2020 Tax Brackets

Posted by

Updated on Tuesday December 1, 2020: Federal tax brackets for income earned in 2020, to be reported in 2021, are available. As expected, there aren’t major changes to them. For once, the number of brackets hasn’t changed, and they are the same as last year. It’s possible that the new administration may reshape the number of brackets and their breadth, but it is still too early for any details.

The size of the brackets changed slightly – more on that later. This is a common annual adjustment that factors in the inflation. As we get ready for the upcoming tax season, here is a snapshot of what to expect depending on your filing status.

Our federal tax system is called a progressive tax. It means that the more we earn, the higher the taxes we pay. The way it applies is that we pay different tax rates for the money that falls in different brackets. Essentially, not all our earnings are taxed the same, and the “first” dollars we earn enjoy the leanest taxes.

Here is how it works in practice. Let’s assume you are a taxpayer filing as single and your annual income is $70,000. For the purpose of this exercise, we’ll assume this amount is net of any credits and deductions. Even though $70,000 falls into the 22% bracket, the actual tax payment is calculated in the following manner:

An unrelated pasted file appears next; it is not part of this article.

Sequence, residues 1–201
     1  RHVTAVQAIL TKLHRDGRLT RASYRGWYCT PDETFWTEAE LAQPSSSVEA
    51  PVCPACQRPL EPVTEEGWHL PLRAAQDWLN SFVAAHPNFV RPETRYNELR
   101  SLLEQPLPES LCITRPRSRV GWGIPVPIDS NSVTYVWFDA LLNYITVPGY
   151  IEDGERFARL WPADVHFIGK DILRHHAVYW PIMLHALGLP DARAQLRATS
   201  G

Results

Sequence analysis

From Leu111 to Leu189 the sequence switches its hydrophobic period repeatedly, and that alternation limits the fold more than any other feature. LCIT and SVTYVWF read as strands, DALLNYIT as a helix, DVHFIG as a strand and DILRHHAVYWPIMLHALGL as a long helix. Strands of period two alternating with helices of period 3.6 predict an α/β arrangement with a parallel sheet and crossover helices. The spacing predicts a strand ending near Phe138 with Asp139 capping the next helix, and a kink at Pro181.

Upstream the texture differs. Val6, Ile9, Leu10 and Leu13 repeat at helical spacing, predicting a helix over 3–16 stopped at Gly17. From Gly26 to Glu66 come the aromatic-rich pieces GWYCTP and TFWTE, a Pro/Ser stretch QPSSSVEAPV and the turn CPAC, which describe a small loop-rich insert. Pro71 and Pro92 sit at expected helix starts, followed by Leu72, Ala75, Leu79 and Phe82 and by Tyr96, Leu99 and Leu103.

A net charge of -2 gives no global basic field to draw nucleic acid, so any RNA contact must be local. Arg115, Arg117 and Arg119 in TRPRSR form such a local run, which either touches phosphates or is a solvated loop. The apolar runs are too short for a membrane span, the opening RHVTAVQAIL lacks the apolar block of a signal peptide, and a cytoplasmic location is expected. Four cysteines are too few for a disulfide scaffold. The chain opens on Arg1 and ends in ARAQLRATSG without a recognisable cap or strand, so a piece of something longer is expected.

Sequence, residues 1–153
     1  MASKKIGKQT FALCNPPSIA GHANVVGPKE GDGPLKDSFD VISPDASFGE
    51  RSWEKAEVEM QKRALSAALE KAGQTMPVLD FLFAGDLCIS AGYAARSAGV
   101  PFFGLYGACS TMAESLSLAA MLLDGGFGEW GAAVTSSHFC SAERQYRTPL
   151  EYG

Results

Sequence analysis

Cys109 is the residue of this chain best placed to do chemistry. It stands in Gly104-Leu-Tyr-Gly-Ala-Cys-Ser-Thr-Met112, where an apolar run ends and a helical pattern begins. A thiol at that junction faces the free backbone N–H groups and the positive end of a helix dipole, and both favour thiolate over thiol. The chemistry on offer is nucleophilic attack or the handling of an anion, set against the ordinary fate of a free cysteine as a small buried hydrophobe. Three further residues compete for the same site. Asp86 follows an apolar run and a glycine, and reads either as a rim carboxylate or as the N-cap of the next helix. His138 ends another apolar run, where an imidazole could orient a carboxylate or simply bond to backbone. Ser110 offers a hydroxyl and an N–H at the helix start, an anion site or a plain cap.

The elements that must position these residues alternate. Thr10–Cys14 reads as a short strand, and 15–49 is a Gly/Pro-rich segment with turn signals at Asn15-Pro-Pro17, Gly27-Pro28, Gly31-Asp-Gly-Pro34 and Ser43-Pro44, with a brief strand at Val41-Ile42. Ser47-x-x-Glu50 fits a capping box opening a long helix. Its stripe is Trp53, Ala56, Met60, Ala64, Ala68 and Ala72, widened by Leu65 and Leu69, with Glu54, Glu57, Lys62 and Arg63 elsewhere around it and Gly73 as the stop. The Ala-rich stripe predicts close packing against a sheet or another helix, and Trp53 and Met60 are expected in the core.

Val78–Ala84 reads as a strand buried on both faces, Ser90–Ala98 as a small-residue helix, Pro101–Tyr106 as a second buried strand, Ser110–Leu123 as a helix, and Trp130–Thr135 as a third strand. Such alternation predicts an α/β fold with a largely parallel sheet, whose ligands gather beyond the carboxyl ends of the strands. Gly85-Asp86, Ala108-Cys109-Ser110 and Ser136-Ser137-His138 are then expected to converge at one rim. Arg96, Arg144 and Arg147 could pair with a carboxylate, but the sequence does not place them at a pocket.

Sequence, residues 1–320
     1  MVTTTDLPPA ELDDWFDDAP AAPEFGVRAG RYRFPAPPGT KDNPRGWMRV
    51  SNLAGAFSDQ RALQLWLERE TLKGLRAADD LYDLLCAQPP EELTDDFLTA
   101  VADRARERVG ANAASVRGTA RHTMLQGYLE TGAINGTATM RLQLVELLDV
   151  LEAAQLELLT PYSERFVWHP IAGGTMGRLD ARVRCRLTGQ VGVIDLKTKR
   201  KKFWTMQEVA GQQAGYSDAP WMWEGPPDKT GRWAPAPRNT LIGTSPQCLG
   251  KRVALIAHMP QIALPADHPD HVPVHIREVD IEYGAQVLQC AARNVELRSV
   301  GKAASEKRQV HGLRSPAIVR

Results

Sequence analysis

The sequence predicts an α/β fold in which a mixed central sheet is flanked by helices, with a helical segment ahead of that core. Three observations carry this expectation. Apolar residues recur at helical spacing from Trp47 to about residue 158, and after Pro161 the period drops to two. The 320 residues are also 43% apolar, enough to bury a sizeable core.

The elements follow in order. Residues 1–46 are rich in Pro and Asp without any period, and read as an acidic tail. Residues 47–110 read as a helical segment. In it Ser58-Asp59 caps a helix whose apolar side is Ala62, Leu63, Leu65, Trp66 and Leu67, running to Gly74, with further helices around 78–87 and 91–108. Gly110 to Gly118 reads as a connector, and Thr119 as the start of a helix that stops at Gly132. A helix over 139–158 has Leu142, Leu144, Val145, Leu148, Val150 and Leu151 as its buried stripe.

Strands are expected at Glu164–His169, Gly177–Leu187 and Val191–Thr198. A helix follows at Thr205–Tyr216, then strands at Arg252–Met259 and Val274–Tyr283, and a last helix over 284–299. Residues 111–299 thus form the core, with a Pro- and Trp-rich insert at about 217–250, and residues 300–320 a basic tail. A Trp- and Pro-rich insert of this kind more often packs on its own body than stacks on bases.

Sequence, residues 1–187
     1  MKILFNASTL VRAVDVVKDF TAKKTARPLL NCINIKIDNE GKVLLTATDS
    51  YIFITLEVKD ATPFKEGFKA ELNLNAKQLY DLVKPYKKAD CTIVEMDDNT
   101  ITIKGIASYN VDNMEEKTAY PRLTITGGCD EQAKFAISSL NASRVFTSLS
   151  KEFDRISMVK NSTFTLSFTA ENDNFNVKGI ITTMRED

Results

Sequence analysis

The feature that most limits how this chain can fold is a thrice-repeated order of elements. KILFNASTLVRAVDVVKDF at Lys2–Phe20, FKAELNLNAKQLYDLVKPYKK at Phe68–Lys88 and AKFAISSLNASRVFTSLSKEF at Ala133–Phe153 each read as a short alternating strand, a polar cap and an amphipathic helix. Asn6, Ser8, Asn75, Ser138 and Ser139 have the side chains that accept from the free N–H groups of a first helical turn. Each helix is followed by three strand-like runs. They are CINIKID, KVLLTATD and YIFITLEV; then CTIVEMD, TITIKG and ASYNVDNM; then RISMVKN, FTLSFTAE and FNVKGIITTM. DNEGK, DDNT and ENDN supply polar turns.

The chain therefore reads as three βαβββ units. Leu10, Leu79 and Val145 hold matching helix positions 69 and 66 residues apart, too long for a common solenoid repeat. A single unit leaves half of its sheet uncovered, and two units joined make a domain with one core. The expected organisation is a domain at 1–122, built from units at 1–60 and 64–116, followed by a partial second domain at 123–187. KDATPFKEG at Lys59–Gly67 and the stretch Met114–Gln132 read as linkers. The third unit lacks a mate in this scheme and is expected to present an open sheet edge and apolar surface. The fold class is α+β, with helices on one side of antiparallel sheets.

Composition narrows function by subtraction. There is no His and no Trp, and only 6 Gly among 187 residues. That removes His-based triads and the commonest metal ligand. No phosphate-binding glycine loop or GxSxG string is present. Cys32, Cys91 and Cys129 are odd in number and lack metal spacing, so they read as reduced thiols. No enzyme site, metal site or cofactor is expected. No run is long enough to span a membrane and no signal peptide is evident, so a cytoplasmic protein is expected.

So, how did we get here? As you can see, for taxpayers filing as Single, the first bracket goes from $0 to $9,875. So, the first $9,875 is taxed at 10%. The second bracket goes from $9,876 to $40, 125, which means that the next $30,250 is taxed at 12%. Lastly, the next bracket goes from $40,126 to $85,525, but since our earnings are only $70,000, the remaining $29,875 are taxed at 22%. All this leaves us with a total tax payment of $11,190 for the effective tax rate of 16%.

The tax brackets for the income earned in 2020 increased by 2%. As previously mentioned, it is to keep pace with inflation, and it is designed to keep the overall tax liability steady. If we consider the same example as above – a taxpayer filing as Single, with the taxable income of $70,000 – the same person last year would have paid nearly the same amount in taxes and ended up with the same effective tax rate.